4. That’s just absurd. The whole point of libraries is to lend books free of charge. And to expect libraries to afford what I suspect most publishers will be wanting to get from these loans is to completely ignore under how much budget restraint most libraries find themselves.

    Maybe publishers could work along with libraries to register ebook readers and market specific ebooks and paper books straight to them, based on what books these people loan. Free market research! (Although I suspect that information is confidential, so it should be the reader’s choice wether to register or not. Maybe publishers could make the choice to register more appealing by offering discounts on ebooks you loaned and liked)

    Sargent just keeps giving me reasons not to trust him with ebook prices…

  5. To answer the question, yes libraries that “lend” ebooks actually subscribe to services such as Overdrive, NetLibrary, ebrary or others that wrap the ebooks in DRM to enforce publisher mandated restrictions. And sure, any DRM can be circumvented, and it’s really annoying, but that friction is a price that we currently have no alternative to.

    I don’t know whether that’s sustainable or whether patrons will accept it. I don’t think Macmillan currently works with any of the library ebook providers. But I think there are many models that could work better that aren’t currently being explored because too many people have blinders on.

  6. Sargent might also ask himself who benefitted by the Netflix innovation (and who lost out). I certainly wasn’t out buying copies of all those movies that caught my interest before there was such a thing–I just didn’t watch them. Or look at the flip side: here are all these people who already go to the library: whose books will they find there?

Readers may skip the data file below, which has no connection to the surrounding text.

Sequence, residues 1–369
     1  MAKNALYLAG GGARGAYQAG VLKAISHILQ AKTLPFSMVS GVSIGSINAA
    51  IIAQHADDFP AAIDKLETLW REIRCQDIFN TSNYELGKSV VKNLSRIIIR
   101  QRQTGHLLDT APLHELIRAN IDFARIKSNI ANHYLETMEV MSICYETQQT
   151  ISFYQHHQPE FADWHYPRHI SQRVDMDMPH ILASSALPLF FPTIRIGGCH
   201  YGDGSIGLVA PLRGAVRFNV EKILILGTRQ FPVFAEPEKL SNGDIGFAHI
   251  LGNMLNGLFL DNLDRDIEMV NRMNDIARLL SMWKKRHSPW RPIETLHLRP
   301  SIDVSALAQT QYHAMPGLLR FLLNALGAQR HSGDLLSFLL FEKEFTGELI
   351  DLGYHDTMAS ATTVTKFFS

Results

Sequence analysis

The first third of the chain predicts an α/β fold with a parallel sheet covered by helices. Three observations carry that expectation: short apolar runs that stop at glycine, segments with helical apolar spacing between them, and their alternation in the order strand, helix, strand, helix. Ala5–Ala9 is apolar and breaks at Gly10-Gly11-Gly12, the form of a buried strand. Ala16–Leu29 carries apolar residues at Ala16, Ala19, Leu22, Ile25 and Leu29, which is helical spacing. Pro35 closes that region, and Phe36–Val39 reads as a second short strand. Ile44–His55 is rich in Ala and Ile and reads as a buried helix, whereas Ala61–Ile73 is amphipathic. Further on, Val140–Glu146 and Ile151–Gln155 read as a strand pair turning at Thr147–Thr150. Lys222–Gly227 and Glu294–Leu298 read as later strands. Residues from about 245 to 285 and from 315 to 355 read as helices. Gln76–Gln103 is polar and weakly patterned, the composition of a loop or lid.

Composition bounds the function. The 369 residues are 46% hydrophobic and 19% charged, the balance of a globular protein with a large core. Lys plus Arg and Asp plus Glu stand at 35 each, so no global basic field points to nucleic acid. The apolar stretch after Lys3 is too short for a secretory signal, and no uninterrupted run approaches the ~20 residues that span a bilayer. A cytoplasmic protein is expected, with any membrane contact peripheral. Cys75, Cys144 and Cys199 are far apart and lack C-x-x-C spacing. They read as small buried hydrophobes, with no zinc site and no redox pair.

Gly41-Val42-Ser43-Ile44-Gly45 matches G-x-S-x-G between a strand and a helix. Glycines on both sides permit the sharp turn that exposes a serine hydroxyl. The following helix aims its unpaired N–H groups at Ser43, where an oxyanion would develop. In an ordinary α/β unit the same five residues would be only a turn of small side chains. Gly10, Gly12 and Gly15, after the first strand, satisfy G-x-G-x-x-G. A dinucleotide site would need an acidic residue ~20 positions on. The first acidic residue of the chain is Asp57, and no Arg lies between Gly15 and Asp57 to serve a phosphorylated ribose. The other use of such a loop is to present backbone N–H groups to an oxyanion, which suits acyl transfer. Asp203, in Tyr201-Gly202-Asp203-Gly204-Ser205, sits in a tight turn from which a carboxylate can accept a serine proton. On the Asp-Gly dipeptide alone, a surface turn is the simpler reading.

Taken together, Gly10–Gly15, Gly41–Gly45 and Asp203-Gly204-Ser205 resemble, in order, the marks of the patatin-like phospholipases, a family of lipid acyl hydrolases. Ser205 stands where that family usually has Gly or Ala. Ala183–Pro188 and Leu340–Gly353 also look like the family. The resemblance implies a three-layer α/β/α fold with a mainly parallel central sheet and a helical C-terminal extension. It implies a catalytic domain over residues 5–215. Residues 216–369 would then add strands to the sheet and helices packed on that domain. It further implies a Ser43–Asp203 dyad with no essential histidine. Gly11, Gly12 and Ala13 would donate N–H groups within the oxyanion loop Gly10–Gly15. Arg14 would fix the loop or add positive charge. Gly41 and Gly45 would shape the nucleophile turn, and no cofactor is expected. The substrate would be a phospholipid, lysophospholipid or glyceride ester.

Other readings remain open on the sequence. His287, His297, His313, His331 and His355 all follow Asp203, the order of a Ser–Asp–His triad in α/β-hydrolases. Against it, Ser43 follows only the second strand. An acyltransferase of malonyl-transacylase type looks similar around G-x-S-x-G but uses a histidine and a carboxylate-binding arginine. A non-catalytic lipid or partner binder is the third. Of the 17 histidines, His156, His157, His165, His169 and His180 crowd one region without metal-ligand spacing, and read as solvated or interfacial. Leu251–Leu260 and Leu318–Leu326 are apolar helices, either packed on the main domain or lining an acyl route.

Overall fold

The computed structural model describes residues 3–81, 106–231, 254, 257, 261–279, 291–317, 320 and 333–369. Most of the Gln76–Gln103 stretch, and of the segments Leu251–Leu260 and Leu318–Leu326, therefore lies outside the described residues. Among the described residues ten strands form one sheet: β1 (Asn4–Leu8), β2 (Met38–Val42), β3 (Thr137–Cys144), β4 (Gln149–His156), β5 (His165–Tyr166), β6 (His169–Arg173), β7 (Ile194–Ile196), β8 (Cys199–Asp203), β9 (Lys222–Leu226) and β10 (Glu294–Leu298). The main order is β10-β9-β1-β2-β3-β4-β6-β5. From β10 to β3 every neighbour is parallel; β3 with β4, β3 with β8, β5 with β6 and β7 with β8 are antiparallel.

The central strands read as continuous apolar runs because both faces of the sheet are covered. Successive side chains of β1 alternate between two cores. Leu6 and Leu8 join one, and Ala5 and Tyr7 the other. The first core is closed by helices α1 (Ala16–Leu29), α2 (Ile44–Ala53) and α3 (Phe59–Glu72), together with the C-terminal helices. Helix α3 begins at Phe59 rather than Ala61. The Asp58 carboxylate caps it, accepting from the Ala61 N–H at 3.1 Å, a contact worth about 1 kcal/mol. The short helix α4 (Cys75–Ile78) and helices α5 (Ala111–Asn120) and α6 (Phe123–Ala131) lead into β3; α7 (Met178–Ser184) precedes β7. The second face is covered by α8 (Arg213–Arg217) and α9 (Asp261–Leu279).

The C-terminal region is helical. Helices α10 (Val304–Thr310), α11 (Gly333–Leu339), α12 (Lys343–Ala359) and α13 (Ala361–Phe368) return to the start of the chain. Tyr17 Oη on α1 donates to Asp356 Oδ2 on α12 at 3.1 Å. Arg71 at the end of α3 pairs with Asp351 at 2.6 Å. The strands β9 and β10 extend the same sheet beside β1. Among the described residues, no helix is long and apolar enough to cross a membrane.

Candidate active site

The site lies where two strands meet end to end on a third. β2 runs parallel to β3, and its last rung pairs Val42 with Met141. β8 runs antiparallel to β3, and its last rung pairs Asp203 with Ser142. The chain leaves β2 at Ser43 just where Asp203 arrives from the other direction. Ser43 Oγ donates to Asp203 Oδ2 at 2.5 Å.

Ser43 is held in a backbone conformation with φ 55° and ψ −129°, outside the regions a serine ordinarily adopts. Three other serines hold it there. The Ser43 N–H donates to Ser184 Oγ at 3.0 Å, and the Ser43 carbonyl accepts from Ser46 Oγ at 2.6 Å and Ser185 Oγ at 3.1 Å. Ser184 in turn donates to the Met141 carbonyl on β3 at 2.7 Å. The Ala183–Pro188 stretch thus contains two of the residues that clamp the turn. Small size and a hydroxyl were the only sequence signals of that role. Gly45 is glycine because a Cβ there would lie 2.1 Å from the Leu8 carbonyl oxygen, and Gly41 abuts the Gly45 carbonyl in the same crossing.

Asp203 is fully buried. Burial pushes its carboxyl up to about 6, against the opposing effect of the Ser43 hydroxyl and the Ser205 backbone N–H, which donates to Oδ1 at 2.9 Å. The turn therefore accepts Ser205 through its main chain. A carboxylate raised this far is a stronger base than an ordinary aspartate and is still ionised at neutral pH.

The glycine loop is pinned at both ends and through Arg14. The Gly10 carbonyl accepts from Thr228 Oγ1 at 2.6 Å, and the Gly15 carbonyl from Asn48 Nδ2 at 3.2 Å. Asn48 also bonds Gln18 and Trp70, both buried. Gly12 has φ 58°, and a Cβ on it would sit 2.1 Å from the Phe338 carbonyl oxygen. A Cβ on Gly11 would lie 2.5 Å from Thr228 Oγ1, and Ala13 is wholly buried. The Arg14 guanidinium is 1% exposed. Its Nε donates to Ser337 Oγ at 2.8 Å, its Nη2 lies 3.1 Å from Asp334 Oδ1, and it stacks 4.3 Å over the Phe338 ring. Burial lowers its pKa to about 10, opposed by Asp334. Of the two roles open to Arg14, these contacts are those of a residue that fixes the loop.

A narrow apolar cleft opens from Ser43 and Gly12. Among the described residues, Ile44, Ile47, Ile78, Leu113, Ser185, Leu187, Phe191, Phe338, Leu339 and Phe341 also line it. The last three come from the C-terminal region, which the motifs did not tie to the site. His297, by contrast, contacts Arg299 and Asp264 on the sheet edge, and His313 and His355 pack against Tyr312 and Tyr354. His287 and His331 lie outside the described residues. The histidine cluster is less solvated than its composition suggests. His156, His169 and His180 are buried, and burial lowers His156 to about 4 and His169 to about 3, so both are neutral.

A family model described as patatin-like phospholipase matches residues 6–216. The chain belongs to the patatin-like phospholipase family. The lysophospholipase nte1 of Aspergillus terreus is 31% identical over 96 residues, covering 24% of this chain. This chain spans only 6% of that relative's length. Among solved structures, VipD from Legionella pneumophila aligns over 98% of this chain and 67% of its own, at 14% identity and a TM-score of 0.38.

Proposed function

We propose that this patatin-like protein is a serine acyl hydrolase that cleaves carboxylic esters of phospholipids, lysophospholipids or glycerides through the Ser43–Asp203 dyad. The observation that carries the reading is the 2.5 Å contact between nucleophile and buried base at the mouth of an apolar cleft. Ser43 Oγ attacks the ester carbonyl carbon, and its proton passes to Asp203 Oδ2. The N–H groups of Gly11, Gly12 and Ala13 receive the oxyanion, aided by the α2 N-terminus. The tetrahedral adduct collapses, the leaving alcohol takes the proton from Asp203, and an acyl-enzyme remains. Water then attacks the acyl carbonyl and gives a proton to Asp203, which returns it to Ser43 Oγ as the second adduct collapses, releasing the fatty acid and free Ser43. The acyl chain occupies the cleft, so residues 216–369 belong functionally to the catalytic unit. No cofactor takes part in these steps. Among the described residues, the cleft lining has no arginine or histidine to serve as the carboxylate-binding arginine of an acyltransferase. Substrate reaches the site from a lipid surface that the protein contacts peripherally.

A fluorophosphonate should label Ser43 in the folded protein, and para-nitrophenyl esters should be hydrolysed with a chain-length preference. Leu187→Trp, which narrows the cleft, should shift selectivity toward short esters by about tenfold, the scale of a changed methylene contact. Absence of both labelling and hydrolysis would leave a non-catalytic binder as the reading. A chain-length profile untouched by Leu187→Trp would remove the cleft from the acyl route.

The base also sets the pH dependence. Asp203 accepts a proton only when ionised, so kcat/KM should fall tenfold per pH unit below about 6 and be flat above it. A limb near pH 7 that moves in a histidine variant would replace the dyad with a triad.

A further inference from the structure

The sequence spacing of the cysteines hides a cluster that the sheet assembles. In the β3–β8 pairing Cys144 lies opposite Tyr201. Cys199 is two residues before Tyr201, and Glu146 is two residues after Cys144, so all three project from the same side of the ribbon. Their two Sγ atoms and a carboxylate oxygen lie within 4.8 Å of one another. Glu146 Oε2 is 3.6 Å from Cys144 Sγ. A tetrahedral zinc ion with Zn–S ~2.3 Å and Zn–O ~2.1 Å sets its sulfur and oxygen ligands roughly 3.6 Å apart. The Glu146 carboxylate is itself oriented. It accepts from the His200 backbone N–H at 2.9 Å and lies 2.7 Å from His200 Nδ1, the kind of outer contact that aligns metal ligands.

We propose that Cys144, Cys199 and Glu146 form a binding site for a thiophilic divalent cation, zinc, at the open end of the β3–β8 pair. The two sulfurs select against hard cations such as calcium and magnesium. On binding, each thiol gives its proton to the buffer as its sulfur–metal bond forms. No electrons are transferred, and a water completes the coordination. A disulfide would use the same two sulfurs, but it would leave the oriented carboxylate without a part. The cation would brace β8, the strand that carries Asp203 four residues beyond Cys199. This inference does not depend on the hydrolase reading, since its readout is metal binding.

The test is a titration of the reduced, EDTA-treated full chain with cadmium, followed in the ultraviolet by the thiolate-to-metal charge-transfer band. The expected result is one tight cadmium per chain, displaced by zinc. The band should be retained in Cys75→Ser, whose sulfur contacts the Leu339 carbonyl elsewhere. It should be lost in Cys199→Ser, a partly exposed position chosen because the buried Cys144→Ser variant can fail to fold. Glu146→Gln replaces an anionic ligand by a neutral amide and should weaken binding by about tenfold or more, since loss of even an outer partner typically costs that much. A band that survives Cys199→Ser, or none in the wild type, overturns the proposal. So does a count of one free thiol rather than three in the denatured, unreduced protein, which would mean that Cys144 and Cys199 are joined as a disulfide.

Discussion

7. “If it’s a popular book, maybe it gets lent ten times, there’s a lot of wear and tear, and the library will then put in a reorder.”

    Do pbooks really only last a library through 10 lendings? Somehow I think they last longer than that (even MMPB’s).

    That said if necessary I don’t see why they couldn’t “buy” a book for a certain amount of checkouts (maybe 30 or 40?) and then have the book ‘go dead’ and need to be repurchased if it’s still popular enough for the library to want it on their “shelf”. Maybe not ideal from some points of view, but I can see the publishers side of it too.

  8. I just looked up a book I knew had been our for a while and would have circulated quite a bit. Amber Beach by Elizabeth Lowell came out in 1997, and the copy in our library has circulated 62 times. John Grisham’s The Firm, from 1991, has been circulated 118 times. Tom Clancy, Clear and Present Danger, the current copy has circulated 60 times. Our other copy of The Firm is paperback, it’s circulated 65 times. Tamar Myers mystery The Ming and I, also MMBP has circulated 53 times.

    We’ve got an Earl Stanley Gardner book, The Case of the Daring Divorcee, from 1964 that’s still on our shelves and circulating, 53 times since 1999 when we changed circulation systems and lost all the previous data.

    All of that is just a really long way of saying John Sargent’s crazy. Yes library books get damaged or destroyed and have to be replaced, but not to the extent that he seems to think.